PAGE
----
Prior to one of his recent seminars on the methods and myths of college recruiting, Jack Renkens spoke with a man who felt his son was a hotshot basketball prospect.
“I don’t know if we need to be here,” the man told Renkens. “He’s getting recruited pretty hard.”
After the parent disclosed his son’s college of choice, Renkens asked if he had received any calls from schools on March 1, the first day basketball recruits can be contacted. The answer was no — meaning Renkens had a harsh surprise for father and son.
“I didn’t tell them before my speech. I told them during it,” Renkens said. “I looked at the kid and said, ‘You’re not going to that school. I can have an assistant coach call you tomorrow to tell you. Get real.’ ”
Get real. It was a Renkens catchphrase long before television’s Dr. Phil began using it, and it’s the great commandment in “Recruiting Realities,” a seminar he has presented to prep athletes and parents for seven years.
Renkens, who is based in Scottsdale, will present the seminar 121 times around the nation this year. The next stop on his tour is Mesa High School on Tuesday and Mountain View High on Wednesday.
“It’s hardcore and in-your-face,” Renkens said. “But it also presents the unbelievable opportunities that are out there.”
Renkens knows the ins and outs of college recruiting because, for many years, he was intimately involved in it.
He is a former basketball coach at the high school, junior college and NCAA Division II levels. Also, Renkens has the perspective of a parent, as his daughter, Brooke, played collegiate basketball.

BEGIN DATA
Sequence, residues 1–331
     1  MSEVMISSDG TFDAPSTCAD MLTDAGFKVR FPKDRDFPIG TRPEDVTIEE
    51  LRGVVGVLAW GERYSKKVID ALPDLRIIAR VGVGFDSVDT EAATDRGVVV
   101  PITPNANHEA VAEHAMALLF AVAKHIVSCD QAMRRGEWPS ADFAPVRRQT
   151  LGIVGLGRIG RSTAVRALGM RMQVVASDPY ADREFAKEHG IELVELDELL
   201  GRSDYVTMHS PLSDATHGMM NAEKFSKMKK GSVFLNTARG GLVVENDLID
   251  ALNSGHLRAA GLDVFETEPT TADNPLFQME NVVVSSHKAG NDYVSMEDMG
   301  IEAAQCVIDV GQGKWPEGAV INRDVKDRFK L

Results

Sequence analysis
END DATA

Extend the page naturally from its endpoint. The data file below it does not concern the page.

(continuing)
“The name indicates what it is, realities,” said Steve Hogen, Mesa Public Schools athletic director. “One of the things I always hear (from parents) is that they wish they had gotten this information sooner. The parents like it because they get concrete things. Here’s how to tell if you’re being recruited, here’s what you can do to market yourself.”
Athletes must recognize, Renkens said, whether they are big-time recruits. Hint: If you don’t get that call on the first day schools can contact recruits, you’re not.
As a coach at Assumption College in Worcester, Mass., Renkens sat in the living rooms of recruits who — despite the $120,000 worth of education he was dangling in front of them — indicated a desire to wait for a Division I offer that would never come.
“They had never heard of the school, that’s their criteria,” Renkens said. “It’s like, ‘Well, I don’t want to play there.’
“I’d be like, ‘Has anyone offered you a visit? Has anyone else been at your house? No? Then what are you waiting for?’ ”
When an athlete’s sights are more realistic, Renkens said, plenty of roster spots and financial aid are available. One does not have to be all-region or get his or her name in the newspaper a lot, either.
“I could name 50 coaches at 50 schools that can’t fill rosters,” he said.
Those rosters are at places like Assumption College, which won’t get much time on ESPN but is a good place to get a Bachelor of Arts. One of the Northeast’s top liberal-arts institutions, Assumption is just one of four NCAA schools — at any level — with a 100 percent graduation rate for athletes.
“This is about getting a diploma,” Renkens said. “It’s not about hitting or shooting a ball. Not about going to the NFL or NBA. It’s about kids’ futures, their getting an education. And there are places kids can play where they will get a positive-experience education.”